Did a Wyden Campaign Donor Fund Hedge Fund Operated Out of Senator’s Basement?

This blog normally concerns the rights and revenues of artists. Senator Ron Wyden of Oregon has consistently been on the wrong side of these issues. Wyden opposes the “Classics Act” that corrects what is essentially a typo in copyright law.  A typo that allows multi-billion dollar digital services like Google, Spotify, Pandora and Sirius to withhold royalties to performers that recorded before 1972 (the year sound recording copyrights were federalized).   Unfortunately due to biases built into the music industry before 1972 this means that African American artists are disproportionately harmed by this loophole.  That is why the Oregon NAACP has called out Wyden on his opposition to the classics act.

Wyden has falsely characterized the bill as a windfall to record labels. He also falsely claimed to his constituents that performers would not receive any money from the Classics Act.  The Senator either did not read the bill or is lying.  The terms of the classics act are as plain as day.

So since the Senator is so concerned with unearned windfalls, let’s turn the table and look at his own families finances. Let’s see if perhaps the powerful Senator and his family benefitted from unearned windfalls.

What is up with this:


Wyden’s son Andrew Wyden went from interning at DE shaw (19 Billion in assets) to owning his own hedge fund in a matter of months.  As the article notes David Shaw (Principle at D. E. Shaw) has been a frequent contributor to Sen Wyden and also supported his Super PAC:

Apparently it’s extremely rare for college kids to “get to intern on a D.E. Shaw portfolio for the summer,” said Brian Marshall, who used to run the fund.

But a D.E Shaw spokesperson assured Bloomberg, “Adam went through the same rigorous vetting and interview process as all other D.E. Shaw group interns.”

The reason observers might think otherwise is because David Shaw has donated thousands of dollars to Senator Wyden’s election and re-election campaigns in 2004 and 2010. Shaw and his wife each gave the maximum $4,800 each that they’re allowed to donate for any single election cycle, to Wyden.

Shaw also contributed $5,000 in 2010 to Holding Onto Oregon’s Priorities, a political action committee established by Wyden, according to Campaignmoney.com

Other articles report that Andrew Wyden (the junior) started with 3 million dollars.  Who gives a 26 year 3 million dollars to run a hedge fund out of a Senators basement?  It must be someone who knows the son very well.  Perhaps a rich former employer like D.E. Shaw?  To be clear I’m not definitively stating that D. E, Shaw gave the Andrew Wyden his stake.  I have no evidence to support it.  But the money came from somewhere.  Both the senator and the son know where the money came from.  They could clear this up.  But if they continue to remain silent, I say it is fishy enough that it should be investigated by someone.  This is above my pay grade, but here are some suggestions: Senate ethics? SEC? FEC? FBI? Any and all?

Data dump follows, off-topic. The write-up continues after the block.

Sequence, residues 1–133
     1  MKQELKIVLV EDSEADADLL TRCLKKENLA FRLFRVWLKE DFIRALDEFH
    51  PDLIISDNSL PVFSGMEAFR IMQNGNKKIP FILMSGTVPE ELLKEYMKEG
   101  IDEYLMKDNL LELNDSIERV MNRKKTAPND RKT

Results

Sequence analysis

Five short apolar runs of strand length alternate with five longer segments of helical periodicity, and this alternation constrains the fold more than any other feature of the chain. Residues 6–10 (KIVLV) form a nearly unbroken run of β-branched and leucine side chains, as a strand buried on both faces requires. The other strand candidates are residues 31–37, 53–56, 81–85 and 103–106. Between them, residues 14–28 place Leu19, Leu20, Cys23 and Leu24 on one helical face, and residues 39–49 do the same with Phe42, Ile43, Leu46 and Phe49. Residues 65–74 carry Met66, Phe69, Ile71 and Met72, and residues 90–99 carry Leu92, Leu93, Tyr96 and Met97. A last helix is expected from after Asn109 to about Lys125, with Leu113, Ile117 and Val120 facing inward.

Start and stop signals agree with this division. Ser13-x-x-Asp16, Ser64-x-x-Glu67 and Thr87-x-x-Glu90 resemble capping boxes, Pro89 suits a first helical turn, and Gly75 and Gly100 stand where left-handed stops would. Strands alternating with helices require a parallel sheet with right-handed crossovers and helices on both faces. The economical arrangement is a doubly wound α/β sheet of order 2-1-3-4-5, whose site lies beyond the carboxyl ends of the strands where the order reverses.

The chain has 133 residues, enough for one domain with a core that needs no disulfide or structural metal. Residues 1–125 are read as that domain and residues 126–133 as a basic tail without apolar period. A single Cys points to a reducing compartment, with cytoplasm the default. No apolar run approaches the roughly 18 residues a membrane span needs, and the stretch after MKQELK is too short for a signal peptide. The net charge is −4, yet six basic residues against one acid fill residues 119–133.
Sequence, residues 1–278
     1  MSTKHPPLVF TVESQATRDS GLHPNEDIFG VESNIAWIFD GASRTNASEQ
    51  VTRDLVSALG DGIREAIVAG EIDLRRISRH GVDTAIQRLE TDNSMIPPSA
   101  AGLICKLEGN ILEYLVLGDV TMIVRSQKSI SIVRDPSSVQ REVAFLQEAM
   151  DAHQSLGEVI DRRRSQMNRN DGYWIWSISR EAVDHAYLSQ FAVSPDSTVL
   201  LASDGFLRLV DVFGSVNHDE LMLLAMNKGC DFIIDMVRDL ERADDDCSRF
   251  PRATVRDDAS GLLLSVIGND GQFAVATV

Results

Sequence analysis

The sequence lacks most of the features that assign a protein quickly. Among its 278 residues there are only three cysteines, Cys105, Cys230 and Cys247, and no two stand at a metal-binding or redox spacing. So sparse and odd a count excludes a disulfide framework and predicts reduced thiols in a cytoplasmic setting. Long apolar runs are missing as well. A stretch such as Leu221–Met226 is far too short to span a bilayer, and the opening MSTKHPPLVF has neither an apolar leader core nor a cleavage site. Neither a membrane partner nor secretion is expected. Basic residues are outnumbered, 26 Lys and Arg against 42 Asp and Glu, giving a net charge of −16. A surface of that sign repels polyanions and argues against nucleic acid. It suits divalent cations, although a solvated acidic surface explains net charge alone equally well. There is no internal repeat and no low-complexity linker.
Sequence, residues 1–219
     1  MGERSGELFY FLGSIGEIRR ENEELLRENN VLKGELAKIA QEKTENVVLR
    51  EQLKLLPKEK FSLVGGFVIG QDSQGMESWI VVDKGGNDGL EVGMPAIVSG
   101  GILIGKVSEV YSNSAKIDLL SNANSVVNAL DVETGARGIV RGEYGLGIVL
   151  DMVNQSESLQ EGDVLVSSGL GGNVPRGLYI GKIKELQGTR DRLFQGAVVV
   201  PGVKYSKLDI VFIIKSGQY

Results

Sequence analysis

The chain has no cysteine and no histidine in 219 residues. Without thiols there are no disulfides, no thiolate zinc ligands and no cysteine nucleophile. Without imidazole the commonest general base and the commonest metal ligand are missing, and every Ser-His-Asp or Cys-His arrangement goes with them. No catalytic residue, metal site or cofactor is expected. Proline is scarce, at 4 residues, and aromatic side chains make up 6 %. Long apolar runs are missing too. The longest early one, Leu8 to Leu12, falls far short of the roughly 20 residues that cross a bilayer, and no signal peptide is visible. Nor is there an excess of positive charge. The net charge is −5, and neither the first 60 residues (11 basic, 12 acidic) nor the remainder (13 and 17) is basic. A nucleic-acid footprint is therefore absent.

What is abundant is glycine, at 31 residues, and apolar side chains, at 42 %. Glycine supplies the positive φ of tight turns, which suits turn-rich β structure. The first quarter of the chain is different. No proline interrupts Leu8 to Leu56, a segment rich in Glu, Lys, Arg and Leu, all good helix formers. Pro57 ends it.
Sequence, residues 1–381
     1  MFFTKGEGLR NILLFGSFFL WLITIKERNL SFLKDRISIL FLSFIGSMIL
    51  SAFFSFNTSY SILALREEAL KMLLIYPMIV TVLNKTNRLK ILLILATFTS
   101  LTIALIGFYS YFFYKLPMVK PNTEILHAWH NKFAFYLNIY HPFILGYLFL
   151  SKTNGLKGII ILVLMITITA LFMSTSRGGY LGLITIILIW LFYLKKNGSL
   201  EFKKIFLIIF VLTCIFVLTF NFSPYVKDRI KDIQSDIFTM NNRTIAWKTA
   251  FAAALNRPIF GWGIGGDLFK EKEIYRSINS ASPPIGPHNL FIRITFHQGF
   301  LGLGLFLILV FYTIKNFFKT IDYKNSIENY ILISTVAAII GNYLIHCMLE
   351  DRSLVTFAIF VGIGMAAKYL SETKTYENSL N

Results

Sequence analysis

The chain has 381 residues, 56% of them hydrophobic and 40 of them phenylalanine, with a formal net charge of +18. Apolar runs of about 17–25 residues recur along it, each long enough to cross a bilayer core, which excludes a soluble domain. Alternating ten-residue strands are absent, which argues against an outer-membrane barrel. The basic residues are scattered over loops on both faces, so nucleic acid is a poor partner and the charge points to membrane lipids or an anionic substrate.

ESPECIALLY since Wyden the junior had an extraordinarily good first year. Up 90% in the first year.  According to Absolute Return magazine:

Wyden’s best personal trade last year was an investment in IDT Corp. starting in February, when the Newark, New Jersey, telecommunications company traded at an average of $4.84 a share, he said. IDT now is at $23.90

Lucky bet? Could be.  I mean the stock of many thinly traded telecommunications companies trade in a volatile manner.  Especially if they they have patents or spectrum that are positively impacted by FCC decisions. Pop. But IDT is no ordinary telecommunications company.  In fact it’s misleading to consider it a pure telecommunications play.  Here are some highlights from their 2008 annual report ( I couldn’t find later annual reports):

There are three possible issues with IDT holdings. Senator Wyden is on the house Energy and Natural resources committee.  IF (and that’s a big If), the Senator was privy to any information that would impact IDT’s two energy businesses  (and hence stock price) what safeguards were in place to assure this kind of information didn’t go to his son? Fair question since his son’s hedge fun was operated out of the senators Washington DC townhouse.  Second, the value of the wireless spectrum that IDT owned could potentially impacted by the Senators action or inaction.  Wyden is no stranger to the wireless spectrum issues.  He was instrumental in getting 3g spectrum freed up from the pentagon for use by commercial telecommunication companies.  Advance knowledge of the senators action or inaction could materially affect value of IDT spectrum and hence the stock price of IDT.

To be clear.  I have no evidence of wrongdoing, but there is something not quite right about letting a sitting senator’s son operate a hedge fund out of the senators home. It deserves further examination.

Finally I’ve heard the Senator is a fan of the movie The Big Lebowski.   Might we remind him what “happens when you find a stranger in the Alps?”


See also this article